Do Pop Filters Reduce Background Noise When Recording


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If you have been looking at online listings for pop filters in the hope that they will help reduce background noise, I have some disappointing news for you.

Does A Pop Filter Remove Background Noise? No, a Pop filter does not reduce or remove background noise. This is because pop filters should be as acoustically transparent as possible so that the sound of your voice is not affected except for preventing voice pops caused by plosives from words starting with P and B.

If a pop filter were effective at reducing the sound passing through it, and remember, background noise is just another form of sound, then a pop filter would be useless as a pop filter.

Why don’t pop filters reduce background noise?

Pop filters need to do two things. They should reduce voice pops and leave the sound unaffected in any other way. In other words, they should prevent the pops, and do it as invisibly as possible.

The way this is done depends on the design of the pop filter. If we consider a fabric mesh pop filter, the fabric layer diffuses the air blast that would otherwise cause the pop. But the sound wave passes through with its tone and amplitude (the loudness) unaffected. In other words, the fabric layer is acoustically transparent, or at least as acoustically transparent as possible. In practice, some high frequencies are reduced, but typically by only about 1dB or less.

If sound waves from our speech or singing can pass through the pop filter without being affected, so will background noise. This is because background noise, like our speech, is a collection of sound waves.

Why do some people say pop filters can reduce background noise

Some people believe that pop filters can shield a microphone from background noise for a couple of reasons. The first is simply down to the poor translation of Chinese into English. The second is that some related products claim to be able to isolate a microphone from the background.

When it comes to poor translation, we can see this in the advertising copy and product packaging of a metal screen pop filter. I have this pop filter and know that it can reduce voice pops, but I think the online listing is potentially confusing since it states, “you can record freely without worrying about “pops” and noise.” Also, the copy on the product packaging says, “Reduce Noise” and “Noise reduction Pop Filter”.

At first glance, you might think that this product will reduce voice pops and background noise. But in my experience, any blocking of background noise is minimal.

I am not suggesting the manufacturer is trying to mislead buyers. The problem seems to be one of poor translation from Chinese into English. If you have looked at inexpensive audio and video equipment online, you will know what I mean. Nonetheless, I can appreciate that someone might consider a voice pop to be “noise” and therefore the pop filter can have a “noise reduction” effect.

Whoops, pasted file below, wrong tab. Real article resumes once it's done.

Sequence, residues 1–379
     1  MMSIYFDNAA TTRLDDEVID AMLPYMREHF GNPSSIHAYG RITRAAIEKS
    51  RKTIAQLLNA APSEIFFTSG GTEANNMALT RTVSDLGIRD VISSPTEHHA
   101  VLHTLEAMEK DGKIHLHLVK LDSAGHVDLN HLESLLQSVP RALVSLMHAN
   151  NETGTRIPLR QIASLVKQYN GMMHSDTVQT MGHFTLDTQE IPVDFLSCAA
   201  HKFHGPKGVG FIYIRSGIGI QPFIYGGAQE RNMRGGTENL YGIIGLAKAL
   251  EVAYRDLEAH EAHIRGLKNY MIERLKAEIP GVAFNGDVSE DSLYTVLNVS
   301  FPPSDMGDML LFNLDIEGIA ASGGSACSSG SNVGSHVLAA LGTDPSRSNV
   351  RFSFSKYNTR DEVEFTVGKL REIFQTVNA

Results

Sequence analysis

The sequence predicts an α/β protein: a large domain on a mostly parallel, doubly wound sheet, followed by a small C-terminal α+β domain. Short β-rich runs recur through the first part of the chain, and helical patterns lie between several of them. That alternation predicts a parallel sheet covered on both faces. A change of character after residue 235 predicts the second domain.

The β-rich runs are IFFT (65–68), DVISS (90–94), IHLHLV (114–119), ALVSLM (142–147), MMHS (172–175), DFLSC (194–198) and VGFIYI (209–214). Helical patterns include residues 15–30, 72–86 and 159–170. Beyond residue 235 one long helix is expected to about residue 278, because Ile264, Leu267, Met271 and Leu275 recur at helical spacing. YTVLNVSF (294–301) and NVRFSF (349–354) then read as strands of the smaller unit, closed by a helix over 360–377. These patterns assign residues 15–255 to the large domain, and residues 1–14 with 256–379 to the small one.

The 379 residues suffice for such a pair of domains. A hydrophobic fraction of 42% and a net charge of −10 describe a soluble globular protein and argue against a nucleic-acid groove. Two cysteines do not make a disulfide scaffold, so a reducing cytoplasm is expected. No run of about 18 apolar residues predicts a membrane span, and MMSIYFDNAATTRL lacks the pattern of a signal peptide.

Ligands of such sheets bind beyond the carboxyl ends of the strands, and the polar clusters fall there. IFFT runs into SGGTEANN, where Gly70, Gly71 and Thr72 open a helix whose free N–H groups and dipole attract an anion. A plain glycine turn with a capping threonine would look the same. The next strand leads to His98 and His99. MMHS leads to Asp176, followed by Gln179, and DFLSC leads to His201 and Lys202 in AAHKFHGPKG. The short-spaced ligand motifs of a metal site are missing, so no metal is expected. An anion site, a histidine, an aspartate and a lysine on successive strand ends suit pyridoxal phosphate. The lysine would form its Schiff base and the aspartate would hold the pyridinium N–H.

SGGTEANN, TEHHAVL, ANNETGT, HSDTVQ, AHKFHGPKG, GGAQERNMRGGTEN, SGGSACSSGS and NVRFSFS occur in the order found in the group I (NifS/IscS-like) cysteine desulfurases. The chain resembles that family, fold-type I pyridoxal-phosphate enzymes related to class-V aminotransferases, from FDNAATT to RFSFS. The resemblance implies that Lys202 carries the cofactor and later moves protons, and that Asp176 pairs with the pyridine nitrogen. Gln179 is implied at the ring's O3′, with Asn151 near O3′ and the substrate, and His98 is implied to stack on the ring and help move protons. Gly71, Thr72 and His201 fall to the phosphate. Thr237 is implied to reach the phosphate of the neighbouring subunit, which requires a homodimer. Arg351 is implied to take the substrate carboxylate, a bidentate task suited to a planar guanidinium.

If poor translation is one possible reason why people might think that pop filters might reduce background noise, then what about confusion over related products?

I have seen many adverts for microphone isolation shields, which are sometimes called vocal booths. They are basically a foam enclosure around the microphone. Often the foam is attached to folding metal or plastic panels that can form an arc around the microphone. Not only does the advertising copy claim that it will reduce noise but sometimes it includes the term “pop filter” in the product title. This latter point is where some confusion might occur.

But look at the product images and you will see that many items do not have anything in front of the microphone, which is where you would place a pop filter. And where a fabric pop filter is incorporated into the design, as I explained earlier, it is designed to transmit sound waves and not stop them.

Summary

If you have a problem with your microphone picking up background noise, it will not be solved by getting a pop filter. A pop filter will only help prevent voice pops, and good ones will have no or minimal effect on the tone or amplitude of the sound.

Tosh Lubek runs an audio and video production business in the UK and has been using the Canon EOS R since it was released in the Autumn of 2018 and the Canon EOS R6 in 2020. He has used both cameras to shoot TV commercials broadcast on Sky TV, promotional business videos, videos of events and functions, and YouTube creator content. He has also won several international awards for his advertising and promotional work. You can meet him by visiting his “video booth” at HashTag Business Events across the country.

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